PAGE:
Let’s say you can bench press 275 pounds for five successive repetitions. Well, during a cluster set you would lift the 275 for the first mini-set within the cluster for two repetitions, rack the weight, wait for 10 to 30 seconds and repeat two more times, or for two more mini-sets, within the first cluster. This would give a total of six repetitions with 275 pounds, meaning you’ve effectively performed one more repetition within the cluster set than you normally do during a regular set, with no rest between repetitions.
Plyometrics – consists of five to six sets within the five- to eight-repetition range, and approximately 90 seconds rest between each set. The most effective plyometric exercises typically utilize just your bodyweight with no additional resistance. Some of the more popular and effective plyometric movements include box jumps, squat jumps and plyometric push-ups, which make good finishing movement on bench press day, resulting in noticeable gains in the bench press.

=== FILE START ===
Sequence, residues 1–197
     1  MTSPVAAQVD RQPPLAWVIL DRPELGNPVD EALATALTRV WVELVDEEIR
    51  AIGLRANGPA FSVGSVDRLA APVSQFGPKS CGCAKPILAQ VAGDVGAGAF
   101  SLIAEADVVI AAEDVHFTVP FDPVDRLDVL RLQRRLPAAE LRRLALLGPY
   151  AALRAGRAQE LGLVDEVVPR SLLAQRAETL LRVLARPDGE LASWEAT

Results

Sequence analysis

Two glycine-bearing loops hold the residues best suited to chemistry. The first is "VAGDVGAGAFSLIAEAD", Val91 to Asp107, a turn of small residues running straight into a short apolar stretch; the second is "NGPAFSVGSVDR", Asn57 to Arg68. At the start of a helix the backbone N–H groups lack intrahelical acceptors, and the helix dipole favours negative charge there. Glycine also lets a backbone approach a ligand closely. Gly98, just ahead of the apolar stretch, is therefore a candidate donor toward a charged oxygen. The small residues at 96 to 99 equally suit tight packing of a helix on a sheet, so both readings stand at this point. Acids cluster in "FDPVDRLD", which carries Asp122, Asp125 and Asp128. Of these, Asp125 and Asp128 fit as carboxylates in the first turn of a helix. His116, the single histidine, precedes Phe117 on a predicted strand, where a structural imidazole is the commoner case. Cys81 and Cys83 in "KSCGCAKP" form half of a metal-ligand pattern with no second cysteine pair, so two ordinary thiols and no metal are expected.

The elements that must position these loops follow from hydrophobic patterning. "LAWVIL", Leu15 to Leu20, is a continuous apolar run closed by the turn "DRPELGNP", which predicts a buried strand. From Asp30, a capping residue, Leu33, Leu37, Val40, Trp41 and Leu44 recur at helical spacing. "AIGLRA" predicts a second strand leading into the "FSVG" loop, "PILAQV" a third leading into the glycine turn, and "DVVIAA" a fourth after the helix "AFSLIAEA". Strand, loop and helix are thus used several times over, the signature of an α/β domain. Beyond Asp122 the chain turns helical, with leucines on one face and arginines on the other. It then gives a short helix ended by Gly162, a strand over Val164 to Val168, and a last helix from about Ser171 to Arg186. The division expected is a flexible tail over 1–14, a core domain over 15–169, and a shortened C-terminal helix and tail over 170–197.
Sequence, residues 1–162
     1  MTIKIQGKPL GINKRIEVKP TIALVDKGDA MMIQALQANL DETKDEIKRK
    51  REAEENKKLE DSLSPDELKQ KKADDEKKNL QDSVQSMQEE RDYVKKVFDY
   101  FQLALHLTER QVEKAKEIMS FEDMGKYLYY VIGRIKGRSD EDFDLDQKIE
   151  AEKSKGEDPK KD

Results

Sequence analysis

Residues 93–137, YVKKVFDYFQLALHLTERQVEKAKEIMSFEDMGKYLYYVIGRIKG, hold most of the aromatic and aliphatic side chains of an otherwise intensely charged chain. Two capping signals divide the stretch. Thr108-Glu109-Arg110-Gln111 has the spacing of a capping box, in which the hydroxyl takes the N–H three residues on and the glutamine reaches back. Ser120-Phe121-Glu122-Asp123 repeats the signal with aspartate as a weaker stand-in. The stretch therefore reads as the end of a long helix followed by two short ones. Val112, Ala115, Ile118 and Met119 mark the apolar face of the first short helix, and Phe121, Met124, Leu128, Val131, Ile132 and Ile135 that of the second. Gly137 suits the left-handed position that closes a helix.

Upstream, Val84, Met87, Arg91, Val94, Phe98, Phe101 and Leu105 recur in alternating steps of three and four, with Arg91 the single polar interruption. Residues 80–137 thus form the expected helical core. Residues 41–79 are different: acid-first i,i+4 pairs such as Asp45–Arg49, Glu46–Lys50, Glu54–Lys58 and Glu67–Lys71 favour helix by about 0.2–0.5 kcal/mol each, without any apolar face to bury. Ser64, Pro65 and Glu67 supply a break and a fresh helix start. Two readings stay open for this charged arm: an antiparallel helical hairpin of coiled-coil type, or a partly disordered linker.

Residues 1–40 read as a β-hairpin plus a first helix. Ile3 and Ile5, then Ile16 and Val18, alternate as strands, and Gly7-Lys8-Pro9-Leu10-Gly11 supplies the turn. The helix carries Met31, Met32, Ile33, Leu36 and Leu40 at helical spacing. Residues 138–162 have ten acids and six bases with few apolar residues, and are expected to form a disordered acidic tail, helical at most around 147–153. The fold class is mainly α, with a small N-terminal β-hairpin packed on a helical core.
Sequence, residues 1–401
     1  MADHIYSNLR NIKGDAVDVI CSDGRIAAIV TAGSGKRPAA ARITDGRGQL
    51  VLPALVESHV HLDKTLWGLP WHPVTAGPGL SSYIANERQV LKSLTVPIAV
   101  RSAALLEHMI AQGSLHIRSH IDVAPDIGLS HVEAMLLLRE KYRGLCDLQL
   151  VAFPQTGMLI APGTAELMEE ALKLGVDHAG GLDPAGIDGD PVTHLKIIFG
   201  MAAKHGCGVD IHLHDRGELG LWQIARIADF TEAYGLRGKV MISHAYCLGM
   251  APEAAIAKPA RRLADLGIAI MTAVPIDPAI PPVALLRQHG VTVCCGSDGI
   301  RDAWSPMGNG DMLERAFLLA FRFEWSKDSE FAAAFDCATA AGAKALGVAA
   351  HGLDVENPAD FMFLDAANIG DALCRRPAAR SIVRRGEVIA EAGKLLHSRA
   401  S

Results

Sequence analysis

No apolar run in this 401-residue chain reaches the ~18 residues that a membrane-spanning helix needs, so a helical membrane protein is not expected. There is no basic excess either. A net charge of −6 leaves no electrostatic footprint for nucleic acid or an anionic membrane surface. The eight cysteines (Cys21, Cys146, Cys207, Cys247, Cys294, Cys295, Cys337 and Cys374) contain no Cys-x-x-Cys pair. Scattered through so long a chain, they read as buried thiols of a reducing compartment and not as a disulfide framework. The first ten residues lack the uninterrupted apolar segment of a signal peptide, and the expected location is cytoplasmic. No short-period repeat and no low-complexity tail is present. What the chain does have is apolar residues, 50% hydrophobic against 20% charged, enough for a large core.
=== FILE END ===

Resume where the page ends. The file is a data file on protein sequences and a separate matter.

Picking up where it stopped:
Chains – predominately cater to fast twitch muscle fibres. In general, when the lift is easier to perform at the top of the lift and harder to perform at the bottom of the lift, it is amenable to chain-loaded training, meaning that the use of chains will result in accommodated resistance, which will likely generate strength gains. These lifts are said to have an “ascending strength curve,” meaning as you ascend in the movement, strength potential increases. Most standing lower body lifts, including the squat and deadlift, have ascending strength curves, along with other common lifts like the bench press— as they all produce the greatest force at the top of their respective movement and are, therefore, responsive to chain-loaded training
Llewellyn features the Quickshot needle delivery system that will seemingly revolutionise the delivery system of injectables through painless shots similar to an insulin pen.